Lobopodians were some of the earliest known panarthropods, closely related to velvet worms, tardigrades, and the ancestors of all the true arthropods. They were small soft-bodied worm-like animals with multiple pairs of fleshy legs, and some species also bore elaborate spikes, armor plates, and fleshy bumps all over their bodies – with the spiny Hallucigenia being the most famous example.
But unlike its more charismatic relative Paucipodia inermis here didn’t seem to have any ornamentation at all.
Known from the Chinese Chengjiang fossil deposits, dating to about 518 million years ago, Paucipodia lived in what was then a shallow tropical sea. Its 13cm long (~5″) tubular body had nine pairs of legs, with each foot tipped with a pair of hooked claws, and the inside of its mouth was ringed with tiny sharp teeth.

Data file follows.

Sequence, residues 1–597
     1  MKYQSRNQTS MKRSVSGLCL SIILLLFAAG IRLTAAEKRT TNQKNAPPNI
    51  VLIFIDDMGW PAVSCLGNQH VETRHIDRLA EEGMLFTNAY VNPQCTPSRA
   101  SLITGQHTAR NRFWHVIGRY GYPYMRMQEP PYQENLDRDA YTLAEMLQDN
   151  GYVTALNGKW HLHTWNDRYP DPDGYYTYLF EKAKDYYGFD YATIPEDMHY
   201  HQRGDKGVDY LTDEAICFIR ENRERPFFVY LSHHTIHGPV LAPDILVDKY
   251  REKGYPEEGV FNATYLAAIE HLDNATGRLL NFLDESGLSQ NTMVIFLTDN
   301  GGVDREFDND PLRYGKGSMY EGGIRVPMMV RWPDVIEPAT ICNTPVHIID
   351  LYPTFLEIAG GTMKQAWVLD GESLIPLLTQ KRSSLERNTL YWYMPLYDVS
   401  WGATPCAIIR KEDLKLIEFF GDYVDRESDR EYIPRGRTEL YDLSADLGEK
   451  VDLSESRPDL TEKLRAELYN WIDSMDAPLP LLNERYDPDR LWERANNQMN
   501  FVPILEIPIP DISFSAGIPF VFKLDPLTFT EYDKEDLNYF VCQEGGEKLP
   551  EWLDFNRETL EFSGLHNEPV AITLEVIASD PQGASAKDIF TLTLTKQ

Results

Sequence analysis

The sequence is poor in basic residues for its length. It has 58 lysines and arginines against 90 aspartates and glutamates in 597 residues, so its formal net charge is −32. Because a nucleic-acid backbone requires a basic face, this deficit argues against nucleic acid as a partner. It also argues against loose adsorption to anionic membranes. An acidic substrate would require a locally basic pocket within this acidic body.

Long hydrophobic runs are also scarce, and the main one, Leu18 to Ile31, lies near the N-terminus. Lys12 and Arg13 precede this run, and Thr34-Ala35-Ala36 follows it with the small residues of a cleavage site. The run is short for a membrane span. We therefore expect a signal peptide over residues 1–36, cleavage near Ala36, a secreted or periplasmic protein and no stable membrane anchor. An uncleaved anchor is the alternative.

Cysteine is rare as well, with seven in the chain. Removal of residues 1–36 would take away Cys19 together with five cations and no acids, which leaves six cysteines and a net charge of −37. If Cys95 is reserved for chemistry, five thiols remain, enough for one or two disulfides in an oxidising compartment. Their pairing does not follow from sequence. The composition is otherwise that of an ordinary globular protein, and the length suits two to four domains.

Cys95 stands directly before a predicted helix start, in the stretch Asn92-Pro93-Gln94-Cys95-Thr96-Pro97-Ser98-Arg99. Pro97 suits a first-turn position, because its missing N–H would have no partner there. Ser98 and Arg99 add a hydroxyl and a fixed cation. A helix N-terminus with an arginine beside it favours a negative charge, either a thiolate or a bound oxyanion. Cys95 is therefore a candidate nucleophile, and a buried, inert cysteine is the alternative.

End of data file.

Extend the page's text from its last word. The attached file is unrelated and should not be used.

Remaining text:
Several specimens have been found preserved in association with the weird gummy-disc animal Eldonia, which may indicate Paucipodia either preyed on them or scavenged on their carcasses.
Some Paucipodia fossils also have enigmatic tiny “cup-like” organisms attached to their legs. It’s currently unknown what exactly these were, or whether they were parasitic in nature or simply opportunistically “hitching a ride” similar to the Inquicus found on armored palaeoscolecid worms in the same fossil beds.